Whether you’re doing your own website content writing or have hired a freelance web content writer to do it for you, it’s important to include benefits. Your website visitors are greedy in a way. They’re less concerned about how wonderful your company is and more concerned with their problems and needs. They want to know, “What’s in it for me?”
The Difference Between Features-Focused and Benefits-Focused Website Content Writing
First, let’s look at the difference between features and benefits. Many people confuse the two or use them interchangeably. A feature is something that your product or service has. For example, in a car, a moonroof is a feature as is a satellite radio, a well-placed cup holder, leather seats, or USB port. Features may or may not be desirable. They’re usually tangible, and they tend to get the most attention. You can imagine a car salesman pointing out the moonroof and all those cup holders, right? However, have you ever bought a new car because it has amazing cup holders? Think about it. You might have been impressed by the cup holders because they can accommodate your extra large coffee mug which will mean no more spilled coffee when you slam on the brakes. Satellite radio might interest you not because it has three rows of preset buttons, but because your kids will quit bickering on trips thanks to an endless stream of commercial-free Disney programming. What’s in it for you? Benefits.
Like the car salesman who points out features, website content writers tend to do the same. After all, if you’re selling a widget online, you need to let potential customers know what’s unique about that widget. Oftentimes, that means describing its features. Benefits-focused website content writing goes beyond features and explains the benefits.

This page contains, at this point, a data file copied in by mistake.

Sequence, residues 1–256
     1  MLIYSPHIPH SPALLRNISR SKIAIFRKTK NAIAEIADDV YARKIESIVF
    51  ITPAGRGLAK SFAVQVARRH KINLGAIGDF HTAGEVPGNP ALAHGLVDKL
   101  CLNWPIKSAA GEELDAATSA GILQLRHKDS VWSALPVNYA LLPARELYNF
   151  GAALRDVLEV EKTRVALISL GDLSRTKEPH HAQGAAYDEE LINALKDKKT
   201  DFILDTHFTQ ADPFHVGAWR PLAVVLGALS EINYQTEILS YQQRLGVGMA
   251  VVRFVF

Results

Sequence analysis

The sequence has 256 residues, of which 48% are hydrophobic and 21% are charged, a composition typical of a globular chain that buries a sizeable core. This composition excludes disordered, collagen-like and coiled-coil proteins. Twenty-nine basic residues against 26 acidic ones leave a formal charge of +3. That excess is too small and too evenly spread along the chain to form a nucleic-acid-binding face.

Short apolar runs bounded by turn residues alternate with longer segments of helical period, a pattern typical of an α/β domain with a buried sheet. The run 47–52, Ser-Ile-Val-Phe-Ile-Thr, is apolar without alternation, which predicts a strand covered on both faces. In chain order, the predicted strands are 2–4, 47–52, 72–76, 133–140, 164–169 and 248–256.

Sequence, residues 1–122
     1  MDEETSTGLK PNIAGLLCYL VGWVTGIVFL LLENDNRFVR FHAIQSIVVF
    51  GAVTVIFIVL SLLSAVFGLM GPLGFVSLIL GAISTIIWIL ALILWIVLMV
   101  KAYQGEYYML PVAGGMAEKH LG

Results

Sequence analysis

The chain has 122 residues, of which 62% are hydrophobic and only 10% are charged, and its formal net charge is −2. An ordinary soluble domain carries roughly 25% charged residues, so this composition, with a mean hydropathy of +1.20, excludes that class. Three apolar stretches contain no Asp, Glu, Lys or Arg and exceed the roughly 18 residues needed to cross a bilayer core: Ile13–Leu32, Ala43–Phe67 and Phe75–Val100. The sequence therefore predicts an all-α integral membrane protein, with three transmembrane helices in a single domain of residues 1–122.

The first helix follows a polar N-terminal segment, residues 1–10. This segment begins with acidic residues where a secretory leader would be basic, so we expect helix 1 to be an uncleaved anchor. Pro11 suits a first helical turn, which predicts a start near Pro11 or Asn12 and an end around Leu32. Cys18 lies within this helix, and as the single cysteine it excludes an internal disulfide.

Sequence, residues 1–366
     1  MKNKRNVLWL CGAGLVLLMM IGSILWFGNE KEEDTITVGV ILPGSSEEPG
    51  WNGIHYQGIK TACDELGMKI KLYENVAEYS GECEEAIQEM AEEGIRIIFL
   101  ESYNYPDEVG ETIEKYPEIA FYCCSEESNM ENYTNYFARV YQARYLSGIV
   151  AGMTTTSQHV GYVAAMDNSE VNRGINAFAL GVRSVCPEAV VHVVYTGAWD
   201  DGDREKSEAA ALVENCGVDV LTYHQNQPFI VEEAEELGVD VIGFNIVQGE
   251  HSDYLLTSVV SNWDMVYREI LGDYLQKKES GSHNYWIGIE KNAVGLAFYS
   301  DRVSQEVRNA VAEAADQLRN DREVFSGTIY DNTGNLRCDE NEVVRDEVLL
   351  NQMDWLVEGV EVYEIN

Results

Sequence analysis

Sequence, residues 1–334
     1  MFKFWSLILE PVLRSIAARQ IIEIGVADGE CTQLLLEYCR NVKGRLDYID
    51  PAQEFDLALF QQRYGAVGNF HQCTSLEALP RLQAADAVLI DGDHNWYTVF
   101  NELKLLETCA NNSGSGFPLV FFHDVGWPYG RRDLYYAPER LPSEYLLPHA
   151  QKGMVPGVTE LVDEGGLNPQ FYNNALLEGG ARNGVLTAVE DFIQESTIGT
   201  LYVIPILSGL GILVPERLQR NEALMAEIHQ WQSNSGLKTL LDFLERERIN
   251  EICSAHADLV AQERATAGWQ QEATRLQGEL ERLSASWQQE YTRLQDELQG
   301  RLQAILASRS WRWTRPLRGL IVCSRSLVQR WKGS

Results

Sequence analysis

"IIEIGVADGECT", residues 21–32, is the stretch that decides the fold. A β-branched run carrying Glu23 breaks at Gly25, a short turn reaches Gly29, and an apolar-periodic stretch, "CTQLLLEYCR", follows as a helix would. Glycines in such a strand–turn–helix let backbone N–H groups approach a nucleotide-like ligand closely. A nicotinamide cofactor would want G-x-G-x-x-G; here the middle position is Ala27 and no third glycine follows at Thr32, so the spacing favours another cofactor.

So, What Exactly is a Benefit?
According to BusinessDictionary.com, a benefit is an actual or perceived factor that satisfies what a customer needs or wants. For example, actual factors might be cost effectiveness or performance whereas a perceived factor might be image or popularity. If your widget has a feature that automatically shuts the unit off if it overheats, that feature delivers a benefit: peace of mind that a malfunction won’t cause a fire.
Incorporating Benefits-Focused Website Content into Your Writing
Once you understand the difference between a feature and a benefit, benefits-focused website content writing becomes much easier. Go through your text and identify features and benefits. Ask yourself if you’ve answered the reader’s burning question: What’s in it for me?
BusinessDictionary.com,. (2014). What is product benefit? definition and meaning. Retrieved 28 September 2014, from http://www.businessdictionary.com/definition/product-benefit.html